So I was a nerd, but so were you, don’t lie.
I had always had older brothers and sisters and cousins who brought around music. Despite my young age, I was raised on Yes records and first albums James and I received for Christmas which were ‘Queen: Live Killers’ and ‘Aerosmith Live Bootleg’. Also an 8 track of ‘David: Live’.
Which if you boiled down the elements, you get my musical career.
So I was aware of rock music, considered myself a fan but it was comics. Until that Sunday Night ….
I was getting ready for school and had 99.1 Rock on because I believed that was what I was supposed to do. I barely owned any records of my own aside from a few single 45’s my Dad would get for James and I whenever he hit it in the Lottery. Understand I am not talking about ‘Lottery Winners’. That term itself is an oxymoron. If he made a few bucks on the horses or daily numbers, we would know when we received a 45. I remember my first one was Thin Lizzy ‘The Boys Are Back In Town’ and James opted for David Bowie ‘Golden Years’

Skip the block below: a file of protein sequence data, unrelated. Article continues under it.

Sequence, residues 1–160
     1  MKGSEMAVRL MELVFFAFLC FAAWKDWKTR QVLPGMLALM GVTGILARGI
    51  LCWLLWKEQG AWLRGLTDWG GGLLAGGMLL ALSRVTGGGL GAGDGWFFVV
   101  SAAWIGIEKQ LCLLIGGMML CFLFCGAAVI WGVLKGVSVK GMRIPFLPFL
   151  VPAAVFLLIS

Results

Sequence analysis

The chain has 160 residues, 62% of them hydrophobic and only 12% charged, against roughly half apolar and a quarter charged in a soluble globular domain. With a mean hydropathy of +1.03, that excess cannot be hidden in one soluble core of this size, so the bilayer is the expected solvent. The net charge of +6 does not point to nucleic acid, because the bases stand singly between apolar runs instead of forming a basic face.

(Which if you boil down the elements….etc.)
So it was 99.1 Rock Radio on all the time. Dr Demento was likely what brought me there. The real prize was ‘The King Biscuit Flour Hour’. In a pre-YouTube universe this was where you heard performers live. It was the only way, at the time.
So, getting ready for School Monday on a Sunday night and the show starts. The opening sponsored announcements. I barely paid attention.
Then the bell.
The fucking bell changed everything.
On the Heaven and Hell Tour. Opening number ‘Black Sabbath’. I knew none of this at the time (my sister listened to Volume 4 which when I hear again I knew every word without knowing I did).
All I knew was the sound of wind and rain, howling and the Bell. My ears perked up like a dog who heard a can being opened. I sat right down and stopped everything. The World itself stopped spinning and all focus was on me and my speakers.
This is a month of personal Celebration. Anyone who knows me knows that I wait all year for this jewel: through the sour Winter, the shitty Spring, the unbearable Summer just to be delivered to these shores of Autumn goodness, starting with colors in the trees and ending with the crunch, crunch, crunch of leaves. I live for this.
And of course…Horror. The fictional kind. Not the ‘walking around in a plague ridden wasteland while zombies are flying US flags’ type of horror. (Note: VOTE!)